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How Did You Learn English? (Non-native Speakers)  
User currently offlinePHX787 From Japan, joined Mar 2012, 7560 posts, RR: 18
Posted (2 years 2 months 3 weeks 1 day 22 hours ago) and read 3489 times:

Given that posting in English is a rule for this website, and seeing that the majority of the members are from nations other than the US or UK, I'm curious: how did you all learn to write such perfect english?


You see, at ASU, I volunteer at the AECP program- American English and Culture Program, which teaches foreign students English.....usually, though, their English doesn't improve much due to the flaws that the program has.


SO I am curious: how did all of you from a non-English country learn? Have you studied in an English speaking country before?

Pardon my curiosity  

-Z


次は、渋谷、渋谷。出口は、右側です。電車とホームの間は広く開いておりますので、足元に注意下さい。
42 replies: All unread, showing first 25:
 
User currently offlinebwest From Belgium, joined Jul 2006, 1370 posts, RR: 3
Reply 1, posted (2 years 2 months 3 weeks 1 day 22 hours ago) and read 3476 times:

TV and movies... the advantage of not dubbing, you pick up a language easier.

Oh, and having an English speaking partner for the last 10yrs or so also helped  



I love my Airport Job! :)
User currently offlineautothrust From Switzerland, joined Jun 2006, 1596 posts, RR: 9
Reply 2, posted (2 years 2 months 3 weeks 1 day 22 hours ago) and read 3459 times:

School, Chatting, Internet, Work

However my english is very far from being perfect. The school was almost for nothing.



“Faliure is not an option.”
User currently offlineRara From Germany, joined Jan 2007, 2089 posts, RR: 2
Reply 3, posted (2 years 2 months 3 weeks 1 day 22 hours ago) and read 3457 times:

In school. There's still much to learn though.. some people from non-English countries on this site are rather good rhetorically, and can hold their own against the English speaking masterdebators (   )... but I always feel I can make a point more elegantly in German.

Still, at least for us English isn't much of a challenge. Interestingly I've just read an article about why it is so damn hard to learn Chinese (http://pinyin.info/readings/texts/moser.html/), another second language of mine which I don't speak nearly as well.. It really is no comparison. English is pretty accessible, all in all.



Samson was a biblical tough guy, but his dad Samsonite was even more of a hard case.
User currently offlineNoUFO From Germany, joined Apr 2001, 7957 posts, RR: 12
Reply 4, posted (2 years 2 months 3 weeks 1 day 20 hours ago) and read 3425 times:

I feel like I am still learning it.


I support the right to arm bears
User currently onlineCPH-R From Denmark, joined May 2001, 6000 posts, RR: 3
Reply 5, posted (2 years 2 months 3 weeks 1 day 20 hours ago) and read 3425 times:

School, movies, TV, books as I got older, 2 weeks of language school in the UK and 5 months studying in Wagga Wagga, Australia.

User currently offlineJJJ From Spain, joined May 2006, 1835 posts, RR: 1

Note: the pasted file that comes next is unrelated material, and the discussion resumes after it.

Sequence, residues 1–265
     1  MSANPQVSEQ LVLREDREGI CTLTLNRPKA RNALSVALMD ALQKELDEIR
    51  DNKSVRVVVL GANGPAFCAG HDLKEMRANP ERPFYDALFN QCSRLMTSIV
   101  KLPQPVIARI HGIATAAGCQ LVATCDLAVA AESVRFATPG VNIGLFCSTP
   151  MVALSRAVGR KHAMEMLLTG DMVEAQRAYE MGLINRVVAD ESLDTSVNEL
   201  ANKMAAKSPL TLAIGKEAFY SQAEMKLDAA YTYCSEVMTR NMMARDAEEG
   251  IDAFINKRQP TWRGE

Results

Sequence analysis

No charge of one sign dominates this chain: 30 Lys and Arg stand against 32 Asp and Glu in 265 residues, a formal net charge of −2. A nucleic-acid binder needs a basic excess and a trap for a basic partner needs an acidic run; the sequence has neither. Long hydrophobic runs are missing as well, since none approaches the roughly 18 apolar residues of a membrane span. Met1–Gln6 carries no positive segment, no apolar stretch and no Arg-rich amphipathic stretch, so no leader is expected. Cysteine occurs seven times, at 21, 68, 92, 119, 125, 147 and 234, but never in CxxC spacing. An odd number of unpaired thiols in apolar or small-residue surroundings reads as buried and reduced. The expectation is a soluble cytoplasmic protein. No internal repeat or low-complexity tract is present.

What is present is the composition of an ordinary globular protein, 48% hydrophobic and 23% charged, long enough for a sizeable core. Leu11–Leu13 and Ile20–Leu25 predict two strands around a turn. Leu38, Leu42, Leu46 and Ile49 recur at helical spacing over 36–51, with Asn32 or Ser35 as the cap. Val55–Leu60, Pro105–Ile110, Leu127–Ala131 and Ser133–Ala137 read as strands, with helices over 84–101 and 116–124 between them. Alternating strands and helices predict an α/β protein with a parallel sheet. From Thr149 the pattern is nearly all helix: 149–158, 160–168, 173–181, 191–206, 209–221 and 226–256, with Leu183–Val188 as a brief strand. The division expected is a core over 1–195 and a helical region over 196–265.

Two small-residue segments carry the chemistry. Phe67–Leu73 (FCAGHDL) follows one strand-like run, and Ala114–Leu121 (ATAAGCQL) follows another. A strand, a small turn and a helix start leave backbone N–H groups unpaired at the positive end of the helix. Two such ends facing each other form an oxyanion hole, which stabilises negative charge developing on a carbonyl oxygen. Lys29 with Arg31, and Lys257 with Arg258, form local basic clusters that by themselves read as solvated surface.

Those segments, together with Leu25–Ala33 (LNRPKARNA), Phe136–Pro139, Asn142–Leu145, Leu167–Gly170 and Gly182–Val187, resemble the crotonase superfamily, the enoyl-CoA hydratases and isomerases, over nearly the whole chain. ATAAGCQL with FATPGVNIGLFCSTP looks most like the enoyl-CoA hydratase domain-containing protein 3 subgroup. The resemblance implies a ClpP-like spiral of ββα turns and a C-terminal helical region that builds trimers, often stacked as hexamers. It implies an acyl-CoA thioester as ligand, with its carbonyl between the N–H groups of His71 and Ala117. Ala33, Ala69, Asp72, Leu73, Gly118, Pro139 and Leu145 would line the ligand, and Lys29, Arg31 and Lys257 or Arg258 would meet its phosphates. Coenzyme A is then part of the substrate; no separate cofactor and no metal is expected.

Reply 6, posted (2 years 2 months 3 weeks 1 day 20 hours ago) and read 3411 times:

Perfect? lol

Well, I got the foundations at school but it was watching films, talking to people and reading books in English what really did it for me.


User currently offlineMD11Engineer From Germany, joined Oct 2003, 14026 posts, RR: 62
Reply 7, posted (2 years 2 months 3 weeks 1 day 20 hours ago) and read 3401 times:

First, thanks to Mrs. Graetschel, my first English teacher in grade 5, primary school in Berlin. While she was German, she grew up in a former British colony in Africa and went to school there. While she spoke German at home with her parents, her schoolfriends were all Englishspeakers and school was taught in English as well, so in fact she was a native Englishspeaker, not a German who just learned English through books and in school.
She made sure that all the typical German-accent misspronounciations were corrected right in the beginning (I remember how she had us repeat "Ruler, rubber, red" to get us pronounce the English "R" correctly. we also practised the correct pronounciation of the "th".).
Since she went to a British school she also could tell us kids firsthand how life in schools was over there, something which interested us kids a lot.

There were other factors: My father spoke English, Spanish, Catalan, French and Portugese. He also had a huge library of non-fiction and fiction. If he could speak the language, he liked to read the books in the original language. At the age of 14 I got interested in some English language novels, but couln´t get a translated copy. So I started reading them, at first using a dictionary (the first book was Isaac Asimov´s Fantastic Voyage). After the third book I didn´t need the dictionary anymore and today read English just like German.
My mother also speaks English, in the early 1960s she spent a year as a young nurse working in the UK.
Then, since my father was a scientist, we often had foreign scientists, guests of his university department, visiting us. Often they would get invited to sleep in our visitor´s room for their stay.